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Removing Glue from Inside of Miter Joints

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Forum topic by DerekW posted 10-13-2018 09:05 PM 526 views 0 times favorited 8 replies Add to Favorites Watch
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DerekW

30 posts in 361 days


10-13-2018 09:05 PM

I made a couple of boxes out of birdseye maple and, after cutting off the lids, was disappointed to find that I had significant glue squeeze out on the inside corners of the miter joints. I was thinking about scraping the glue off of the inside corners using a cabinet scraper with a not-so-aggressive 5 degree burr but, because I’ll be scraping across grain, I’m afraid of leaving unsightly scratches. I’ve also considered using a chisel to scrape off the glue but again, I’m afraid of scratching the surface. Any ideas on a way to get rid of the hardened glue? The interior dimensions of the box are 2” x 2” x 2”, so I don’t have a lot of room to work in. As a last resort, I can flock the inside of the box to hide the glue (or any scratches I make), but I’d prefer to leave the inside as raw wood. I plan to finish the box with Tried and Tru Danish Oil. Thanks in advance.


8 replies so far

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AandCstyle

3214 posts in 2676 days


#1 posted 10-13-2018 09:17 PM

Derek, I use a slightly dull chisel because I know of any better method. I’m afraid your box will be flocked.

-- Art

View Lazyman's profile

Lazyman

3536 posts in 1806 days


#2 posted 10-13-2018 09:26 PM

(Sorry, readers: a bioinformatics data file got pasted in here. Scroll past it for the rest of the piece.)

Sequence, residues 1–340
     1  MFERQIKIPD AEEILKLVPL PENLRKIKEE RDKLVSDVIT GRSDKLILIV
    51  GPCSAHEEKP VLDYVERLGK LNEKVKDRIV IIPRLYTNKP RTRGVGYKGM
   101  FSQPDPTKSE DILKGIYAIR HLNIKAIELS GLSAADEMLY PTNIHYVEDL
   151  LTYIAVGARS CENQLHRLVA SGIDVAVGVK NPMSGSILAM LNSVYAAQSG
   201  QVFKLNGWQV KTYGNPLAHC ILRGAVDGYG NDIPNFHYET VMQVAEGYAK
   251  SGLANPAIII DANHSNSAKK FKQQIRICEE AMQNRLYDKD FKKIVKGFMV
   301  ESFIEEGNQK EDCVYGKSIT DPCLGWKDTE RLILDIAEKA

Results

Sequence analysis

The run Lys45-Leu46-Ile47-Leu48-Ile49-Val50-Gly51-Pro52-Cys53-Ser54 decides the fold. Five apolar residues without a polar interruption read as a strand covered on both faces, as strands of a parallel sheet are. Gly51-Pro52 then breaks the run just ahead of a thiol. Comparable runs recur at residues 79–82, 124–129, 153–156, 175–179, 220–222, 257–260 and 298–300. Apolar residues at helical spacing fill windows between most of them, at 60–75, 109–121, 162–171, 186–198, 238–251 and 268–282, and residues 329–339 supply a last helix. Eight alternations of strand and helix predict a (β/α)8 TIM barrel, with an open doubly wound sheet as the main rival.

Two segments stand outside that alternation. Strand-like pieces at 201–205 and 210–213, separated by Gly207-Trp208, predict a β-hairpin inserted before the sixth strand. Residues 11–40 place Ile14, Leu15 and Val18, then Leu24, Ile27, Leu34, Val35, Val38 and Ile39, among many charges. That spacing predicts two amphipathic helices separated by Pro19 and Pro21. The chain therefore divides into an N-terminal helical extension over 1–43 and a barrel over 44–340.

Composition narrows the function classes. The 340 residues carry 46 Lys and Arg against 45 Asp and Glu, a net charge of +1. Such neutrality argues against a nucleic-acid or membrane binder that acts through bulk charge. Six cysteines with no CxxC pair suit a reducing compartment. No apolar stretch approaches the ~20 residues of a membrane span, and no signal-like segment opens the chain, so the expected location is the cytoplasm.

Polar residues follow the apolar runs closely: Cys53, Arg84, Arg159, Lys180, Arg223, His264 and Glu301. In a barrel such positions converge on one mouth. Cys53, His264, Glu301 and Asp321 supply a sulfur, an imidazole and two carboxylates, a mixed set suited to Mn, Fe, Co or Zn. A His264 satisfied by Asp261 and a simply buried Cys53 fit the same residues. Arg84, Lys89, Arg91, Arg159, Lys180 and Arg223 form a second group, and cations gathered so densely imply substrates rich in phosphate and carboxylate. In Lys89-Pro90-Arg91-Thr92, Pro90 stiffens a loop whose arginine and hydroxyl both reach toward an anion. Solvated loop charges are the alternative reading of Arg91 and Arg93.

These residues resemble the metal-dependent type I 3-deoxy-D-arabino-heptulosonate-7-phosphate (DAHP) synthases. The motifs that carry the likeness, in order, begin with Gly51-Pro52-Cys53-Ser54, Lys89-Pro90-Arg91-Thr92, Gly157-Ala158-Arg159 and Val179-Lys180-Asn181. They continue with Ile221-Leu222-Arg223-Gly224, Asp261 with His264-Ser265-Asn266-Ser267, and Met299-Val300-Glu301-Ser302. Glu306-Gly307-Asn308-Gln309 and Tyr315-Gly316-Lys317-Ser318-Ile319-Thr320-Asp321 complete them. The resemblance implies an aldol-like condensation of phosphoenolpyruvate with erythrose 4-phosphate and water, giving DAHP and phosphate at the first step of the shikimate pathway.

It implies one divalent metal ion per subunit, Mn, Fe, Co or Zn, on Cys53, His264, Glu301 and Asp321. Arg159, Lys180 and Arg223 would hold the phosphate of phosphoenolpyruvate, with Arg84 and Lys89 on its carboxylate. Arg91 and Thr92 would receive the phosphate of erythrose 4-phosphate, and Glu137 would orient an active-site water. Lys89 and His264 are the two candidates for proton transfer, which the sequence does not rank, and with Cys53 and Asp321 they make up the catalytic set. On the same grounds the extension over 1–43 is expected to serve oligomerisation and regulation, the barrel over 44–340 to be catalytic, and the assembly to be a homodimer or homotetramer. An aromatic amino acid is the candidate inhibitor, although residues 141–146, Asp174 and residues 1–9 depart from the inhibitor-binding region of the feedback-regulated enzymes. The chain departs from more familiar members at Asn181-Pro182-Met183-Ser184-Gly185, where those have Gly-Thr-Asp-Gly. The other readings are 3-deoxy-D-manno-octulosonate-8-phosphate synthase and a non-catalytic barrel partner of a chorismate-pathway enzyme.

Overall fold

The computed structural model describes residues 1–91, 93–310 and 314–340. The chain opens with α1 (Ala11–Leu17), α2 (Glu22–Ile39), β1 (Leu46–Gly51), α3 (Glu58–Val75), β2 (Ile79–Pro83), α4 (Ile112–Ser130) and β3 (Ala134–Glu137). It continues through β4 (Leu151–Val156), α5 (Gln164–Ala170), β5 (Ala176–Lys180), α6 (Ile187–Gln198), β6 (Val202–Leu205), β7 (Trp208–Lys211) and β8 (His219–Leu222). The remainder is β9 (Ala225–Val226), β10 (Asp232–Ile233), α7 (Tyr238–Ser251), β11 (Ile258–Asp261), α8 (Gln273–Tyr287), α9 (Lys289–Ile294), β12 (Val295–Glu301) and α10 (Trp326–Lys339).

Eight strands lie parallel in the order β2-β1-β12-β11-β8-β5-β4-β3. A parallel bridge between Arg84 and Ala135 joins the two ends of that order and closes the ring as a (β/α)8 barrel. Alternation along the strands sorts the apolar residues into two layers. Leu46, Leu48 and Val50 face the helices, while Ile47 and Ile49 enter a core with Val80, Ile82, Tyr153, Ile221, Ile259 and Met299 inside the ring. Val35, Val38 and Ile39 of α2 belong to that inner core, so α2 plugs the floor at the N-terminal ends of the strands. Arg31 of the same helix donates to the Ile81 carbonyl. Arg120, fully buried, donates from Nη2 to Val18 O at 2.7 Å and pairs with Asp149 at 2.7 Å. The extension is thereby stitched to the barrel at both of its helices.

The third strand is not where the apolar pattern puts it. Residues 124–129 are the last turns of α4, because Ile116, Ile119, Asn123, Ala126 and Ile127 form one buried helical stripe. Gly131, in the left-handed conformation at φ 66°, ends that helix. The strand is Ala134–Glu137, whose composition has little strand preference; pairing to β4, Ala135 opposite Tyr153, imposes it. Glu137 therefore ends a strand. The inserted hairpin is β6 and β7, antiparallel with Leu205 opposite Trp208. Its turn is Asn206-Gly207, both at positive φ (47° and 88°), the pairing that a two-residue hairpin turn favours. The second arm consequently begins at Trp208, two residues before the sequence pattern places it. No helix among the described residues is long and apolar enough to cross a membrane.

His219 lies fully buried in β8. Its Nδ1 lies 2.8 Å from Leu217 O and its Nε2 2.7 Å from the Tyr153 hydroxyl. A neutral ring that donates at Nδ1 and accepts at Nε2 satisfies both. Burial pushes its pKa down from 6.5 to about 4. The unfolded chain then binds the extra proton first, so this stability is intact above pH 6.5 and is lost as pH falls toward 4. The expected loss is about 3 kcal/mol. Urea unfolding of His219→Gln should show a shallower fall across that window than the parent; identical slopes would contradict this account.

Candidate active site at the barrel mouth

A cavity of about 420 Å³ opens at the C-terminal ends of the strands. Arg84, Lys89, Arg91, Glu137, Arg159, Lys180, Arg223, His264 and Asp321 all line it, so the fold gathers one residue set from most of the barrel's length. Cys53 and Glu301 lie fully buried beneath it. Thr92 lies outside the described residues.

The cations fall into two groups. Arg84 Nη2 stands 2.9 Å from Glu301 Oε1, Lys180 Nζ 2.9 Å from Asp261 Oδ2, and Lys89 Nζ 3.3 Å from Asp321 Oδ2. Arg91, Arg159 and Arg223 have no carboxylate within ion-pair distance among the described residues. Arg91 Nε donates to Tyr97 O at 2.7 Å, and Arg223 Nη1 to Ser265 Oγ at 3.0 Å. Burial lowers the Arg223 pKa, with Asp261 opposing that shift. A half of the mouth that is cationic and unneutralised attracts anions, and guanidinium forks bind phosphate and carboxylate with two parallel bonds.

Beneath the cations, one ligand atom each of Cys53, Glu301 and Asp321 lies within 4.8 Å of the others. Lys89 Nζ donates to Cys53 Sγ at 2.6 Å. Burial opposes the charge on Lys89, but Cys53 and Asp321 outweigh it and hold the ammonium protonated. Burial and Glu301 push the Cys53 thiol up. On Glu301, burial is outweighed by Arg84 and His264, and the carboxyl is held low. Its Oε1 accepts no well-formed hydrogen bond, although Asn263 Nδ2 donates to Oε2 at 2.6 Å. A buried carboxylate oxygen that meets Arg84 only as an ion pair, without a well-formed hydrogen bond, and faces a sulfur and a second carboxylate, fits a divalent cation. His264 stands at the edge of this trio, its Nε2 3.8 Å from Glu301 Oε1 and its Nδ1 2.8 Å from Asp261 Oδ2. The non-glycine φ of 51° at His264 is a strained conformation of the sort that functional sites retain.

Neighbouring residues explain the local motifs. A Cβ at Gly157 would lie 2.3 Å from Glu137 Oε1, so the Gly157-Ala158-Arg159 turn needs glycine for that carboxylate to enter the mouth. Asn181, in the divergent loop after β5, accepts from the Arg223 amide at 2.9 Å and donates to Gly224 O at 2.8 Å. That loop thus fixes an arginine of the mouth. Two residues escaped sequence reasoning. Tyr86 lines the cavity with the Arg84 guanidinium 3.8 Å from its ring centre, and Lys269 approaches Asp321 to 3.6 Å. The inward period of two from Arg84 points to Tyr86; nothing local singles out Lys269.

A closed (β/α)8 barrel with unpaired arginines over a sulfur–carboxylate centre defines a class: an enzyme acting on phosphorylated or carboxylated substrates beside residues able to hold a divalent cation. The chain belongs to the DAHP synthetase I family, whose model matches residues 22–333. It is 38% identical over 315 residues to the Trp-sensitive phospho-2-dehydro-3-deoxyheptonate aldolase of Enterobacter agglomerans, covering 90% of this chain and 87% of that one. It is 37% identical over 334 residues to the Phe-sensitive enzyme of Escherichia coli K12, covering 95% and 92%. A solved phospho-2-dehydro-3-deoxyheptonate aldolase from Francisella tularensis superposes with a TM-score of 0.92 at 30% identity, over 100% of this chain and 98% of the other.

I sometimes use a sharp knife or even a razor blade to carefully cut/scrape the glue out, especially if I cannot get a chisel in there.

-- Nathan, TX -- Hire the lazy man. He may not do as much work but that's because he will find a better way.

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000

2859 posts in 1318 days


#3 posted 10-13-2018 09:44 PM

Chisel from both of the sides (going with the grain) into the corner. Move up the joint for each stroke.
Light taps.
Clean up with sandpaper.

View Rich's profile

Rich

4555 posts in 1008 days


#4 posted 10-13-2018 10:08 PM

I would try softening it. Some options are denatured alcohol, acetone and vinegar. Try putting tape wherever you need to form a dam and lay a small puddle down so the glue is submerged. It’s hard to say how long it might take, but I’d check it after five minutes or so to gauge the progress. Hopefully it will eventually come away cleanly with a light pass with a chisel.

-- Knowledge is not skill. Knowledge plus ten thousand times is skill. -- Shinichi Suzuki

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Andre

2668 posts in 2225 days


#5 posted 10-13-2018 10:45 PM

Trick I was shown, when doing final assembly to test clamp, rub down joints with a finishing wax.
( I use Chapmans ) then when glue is setting, after 30 min or so, just peel excess glue out, even after a couple of hours glue will peel out quite easily. To remove wax a quick rub with DNA or Shellac if that is what the finish will be
then apply whatever finish you want.

-- Lifting one end of the plank.

View lumbering_on's profile

lumbering_on

578 posts in 909 days


#6 posted 10-13-2018 10:49 PM

I’ve been able to take glue off with a plastic putty knife before. It doesn’t scratch the surface, although it can some indents, which aren’t normally noticeable, especially in a corner.

View splintergroup's profile

splintergroup

2728 posts in 1641 days


#7 posted 10-13-2018 10:57 PM

I use Andre’s idea with great success. Of course these are pre-dry/pre-glueup tricks. Another is to cut a coffee stirrer straw off at an angle and use it to scoop up the semi dried glue.

View shipwright's profile

shipwright

8320 posts in 3217 days


#8 posted 10-14-2018 12:31 AM

Not much help on this box but if you were using hide glue, either hot or liquid, you would not be asking this question. It cleans up with water and does not block finish like pva.
If you are interested, check this blog series.
http://lumberjocks.com/shipwright/blog/series/5437

-- Paul M ..............the early bird may get the worm but it’s the second mouse that gets the cheese! http://thecanadianschooloffrenchmarquetry.com/

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